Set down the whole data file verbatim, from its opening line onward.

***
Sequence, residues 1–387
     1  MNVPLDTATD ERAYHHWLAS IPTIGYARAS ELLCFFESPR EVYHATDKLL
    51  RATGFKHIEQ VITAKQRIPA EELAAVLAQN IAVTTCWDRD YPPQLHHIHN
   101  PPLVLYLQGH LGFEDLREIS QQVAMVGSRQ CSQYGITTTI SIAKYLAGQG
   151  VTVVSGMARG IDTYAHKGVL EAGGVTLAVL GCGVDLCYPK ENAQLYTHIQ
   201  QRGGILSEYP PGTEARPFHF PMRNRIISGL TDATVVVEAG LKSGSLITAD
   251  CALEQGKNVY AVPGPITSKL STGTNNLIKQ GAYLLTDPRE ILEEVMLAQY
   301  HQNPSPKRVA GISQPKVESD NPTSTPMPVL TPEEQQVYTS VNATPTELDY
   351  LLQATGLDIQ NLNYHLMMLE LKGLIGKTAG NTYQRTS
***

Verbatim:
Sequence, residues 1–387
     1  MNVPLDTATD ERAYHHWLAS IPTIGYARAS ELLCFFESPR EVYHATDKLL
    51  RATGFKHIEQ VITAKQRIPA EELAAVLAQN IAVTTCWDRD YPPQLHHIHN
   101  PPLVLYLQGH LGFEDLREIS QQVAMVGSRQ CSQYGITTTI SIAKYLAGQG
   151  VTVVSGMARG IDTYAHKGVL EAGGVTLAVL GCGVDLCYPK ENAQLYTHIQ
   201  QRGGILSEYP PGTEARPFHF PMRNRIISGL TDATVVVEAG LKSGSLITAD
   251  CALEQGKNVY AVPGPITSKL STGTNNLIKQ GAYLLTDPRE ILEEVMLAQY
   301  HQNPSPKRVA GISQPKVESD NPTSTPMPVL TPEEQQVYTS VNATPTELDY
   351  LLQATGLDIQ NLNYHLMMLE LKGLIGKTAG NTYQRTS